Another bellwether, agricultural-equipment maker Deere & Company, posted higher-than-expected earnings as wider margins at its farm equipment and finance units helped it to overcome weak economic conditions. Even better, the company raised its outlook for fiscal 2010 machinery sales growth to 6% to 8%, after previously predicting a 1% loss. Profitability in the tractor unit was especially impressive, with margins of nearly 10% — triple what investors had expected. The company, the world's largest maker of ag machinery, credited staff cuts and lower raw material costs. Deere reported a first-quarter of $243.2 million or 57 cents a share, up from $203.9 million or 48 cents; revenue fell 6%. Analyst expected a mere 19 cents on sales of $4.12 billion. Net income at the company’s financial services unit nearly doubled to $85.1 million, as the spread between Deere’s borrowing costs and the interest it charges customers widened. One caution: Deere warned that industry sales in Europe, especially Central Europe and the former Soviet Union would remain under pressure due to economic conditions and low levels of credit. The market liked what it heard, sending shares soaring:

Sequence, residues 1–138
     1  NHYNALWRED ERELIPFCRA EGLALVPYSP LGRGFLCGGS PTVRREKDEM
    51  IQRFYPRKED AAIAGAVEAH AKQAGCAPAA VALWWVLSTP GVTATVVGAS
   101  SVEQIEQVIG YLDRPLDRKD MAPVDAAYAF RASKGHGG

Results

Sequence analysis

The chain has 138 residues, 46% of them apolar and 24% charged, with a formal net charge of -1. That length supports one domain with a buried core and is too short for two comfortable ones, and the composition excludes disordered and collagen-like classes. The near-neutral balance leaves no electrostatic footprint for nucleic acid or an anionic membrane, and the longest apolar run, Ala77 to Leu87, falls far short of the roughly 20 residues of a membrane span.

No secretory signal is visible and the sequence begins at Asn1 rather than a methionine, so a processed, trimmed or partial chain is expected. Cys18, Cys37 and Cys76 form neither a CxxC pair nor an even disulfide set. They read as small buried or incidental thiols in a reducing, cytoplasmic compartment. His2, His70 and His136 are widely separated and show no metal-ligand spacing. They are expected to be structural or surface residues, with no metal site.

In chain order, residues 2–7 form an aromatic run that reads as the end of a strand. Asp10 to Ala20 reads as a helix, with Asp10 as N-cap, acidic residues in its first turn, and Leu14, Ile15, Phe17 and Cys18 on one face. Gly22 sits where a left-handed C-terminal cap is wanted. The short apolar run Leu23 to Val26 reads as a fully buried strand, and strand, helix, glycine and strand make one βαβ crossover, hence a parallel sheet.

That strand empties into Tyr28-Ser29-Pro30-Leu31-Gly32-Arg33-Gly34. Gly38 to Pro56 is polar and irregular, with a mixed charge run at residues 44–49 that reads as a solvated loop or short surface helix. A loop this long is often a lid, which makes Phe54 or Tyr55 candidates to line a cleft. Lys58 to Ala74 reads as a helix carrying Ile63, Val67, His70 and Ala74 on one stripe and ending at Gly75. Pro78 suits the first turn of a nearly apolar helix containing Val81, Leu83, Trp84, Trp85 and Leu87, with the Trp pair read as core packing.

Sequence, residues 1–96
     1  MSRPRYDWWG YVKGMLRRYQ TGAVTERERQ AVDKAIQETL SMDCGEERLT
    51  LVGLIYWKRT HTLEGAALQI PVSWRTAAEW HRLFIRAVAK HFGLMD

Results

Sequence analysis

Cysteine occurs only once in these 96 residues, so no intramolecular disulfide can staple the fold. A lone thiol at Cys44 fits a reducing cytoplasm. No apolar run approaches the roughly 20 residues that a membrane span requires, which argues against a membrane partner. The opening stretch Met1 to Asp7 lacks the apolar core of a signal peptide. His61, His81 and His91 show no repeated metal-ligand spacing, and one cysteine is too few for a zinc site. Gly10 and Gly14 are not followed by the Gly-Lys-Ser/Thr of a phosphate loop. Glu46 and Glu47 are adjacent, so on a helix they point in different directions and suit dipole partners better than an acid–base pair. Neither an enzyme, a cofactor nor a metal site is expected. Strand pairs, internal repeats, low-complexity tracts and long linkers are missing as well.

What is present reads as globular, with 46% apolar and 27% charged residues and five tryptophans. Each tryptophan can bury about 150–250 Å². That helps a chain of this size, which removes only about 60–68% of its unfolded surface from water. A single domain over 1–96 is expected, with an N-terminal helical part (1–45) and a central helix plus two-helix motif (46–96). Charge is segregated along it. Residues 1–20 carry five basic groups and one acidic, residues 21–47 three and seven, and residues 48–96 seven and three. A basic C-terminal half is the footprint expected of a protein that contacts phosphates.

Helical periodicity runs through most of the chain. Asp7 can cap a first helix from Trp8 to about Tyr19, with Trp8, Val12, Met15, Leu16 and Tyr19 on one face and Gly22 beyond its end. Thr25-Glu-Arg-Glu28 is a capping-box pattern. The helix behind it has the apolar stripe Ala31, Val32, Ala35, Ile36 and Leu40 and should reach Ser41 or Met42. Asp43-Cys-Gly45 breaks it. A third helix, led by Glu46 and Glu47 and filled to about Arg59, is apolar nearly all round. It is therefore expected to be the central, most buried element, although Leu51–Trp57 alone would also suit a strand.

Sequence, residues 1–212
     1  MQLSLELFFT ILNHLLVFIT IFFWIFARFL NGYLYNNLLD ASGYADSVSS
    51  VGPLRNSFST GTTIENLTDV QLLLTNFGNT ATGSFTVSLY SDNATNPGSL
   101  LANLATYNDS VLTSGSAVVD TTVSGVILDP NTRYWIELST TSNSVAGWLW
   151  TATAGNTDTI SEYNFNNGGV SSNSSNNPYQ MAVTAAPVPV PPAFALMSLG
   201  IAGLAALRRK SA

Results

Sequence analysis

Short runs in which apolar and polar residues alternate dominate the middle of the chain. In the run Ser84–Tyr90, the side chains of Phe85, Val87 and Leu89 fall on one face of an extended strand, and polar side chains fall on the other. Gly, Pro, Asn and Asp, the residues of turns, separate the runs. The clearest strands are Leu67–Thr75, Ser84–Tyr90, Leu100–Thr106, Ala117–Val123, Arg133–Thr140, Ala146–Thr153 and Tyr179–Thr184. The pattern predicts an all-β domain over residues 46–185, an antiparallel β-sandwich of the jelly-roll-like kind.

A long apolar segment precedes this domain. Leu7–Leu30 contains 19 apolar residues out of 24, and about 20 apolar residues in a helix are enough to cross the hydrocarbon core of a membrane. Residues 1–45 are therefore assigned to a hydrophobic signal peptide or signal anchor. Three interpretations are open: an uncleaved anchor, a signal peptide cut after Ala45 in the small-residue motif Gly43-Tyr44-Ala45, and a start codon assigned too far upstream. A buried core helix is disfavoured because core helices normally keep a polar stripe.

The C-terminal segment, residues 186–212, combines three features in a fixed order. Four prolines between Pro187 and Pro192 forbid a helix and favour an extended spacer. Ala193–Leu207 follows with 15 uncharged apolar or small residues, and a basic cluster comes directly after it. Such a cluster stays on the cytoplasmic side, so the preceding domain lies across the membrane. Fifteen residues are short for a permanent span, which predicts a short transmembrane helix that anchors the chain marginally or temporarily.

In retail, the ICSC-Goldman report said that retail sales fell back steeply last week, dropping 1.6% from the prior period for a year-over-year for rate of minus 0.7% -- the first negative year-on-year rate in six months. Let's assume the declines, since they followed a week of strong gains, were caused by the miserable weather. For February, ICSC-Goldman sees sales rising a year-over-year 2% percent, down from. January's 3%. Despite last week's drop, retail stocks are coming strongly out of a three-week slump:


As regards production, a solid gain at the nation's factories, mines and utilities in January raised hopes that the upswing in industrial output over the past two quarters may foster a genuinely sustainable recovery. The Federal Reserve reported a 0.9% monthly increase for January, the seventh straight monthly gain; year over year, industrial production last month improved to plus 0.9% from minus 2.2 % the month before. Year over year there were declines in business equipment, construction, non-industrial supplies and mining but month over month, production was up in every major market and industry group -- the first time we've seen that since last August.

Manufacturing output had the sharpest increase since August, up 1% after a 0.1% fall the previous month. But all major subcomponents of production showed improvement, a truly encouraging sign for the sustainability of the economic recovery. Much of the manufacturing rise was due to a jump in auto assemblies, but gains were healthy elsewhere, as in motor vehicles & parts, which jumped 4.9% after a 0.3% decline in December. The overall capacity utilization rate is still low but rose to 72.6% from 71.9%.

Just a note lest we throw our hats too high in the air: Even though capacity utilization is up 6% from the record low set in June, it's still below normal, and far below the pre-recession level of 80.5% in November 2007. This may be the highest level for industrial production since December 2008, as witness below, but production is still about 10% below the pre-recession levels at the end of 2007.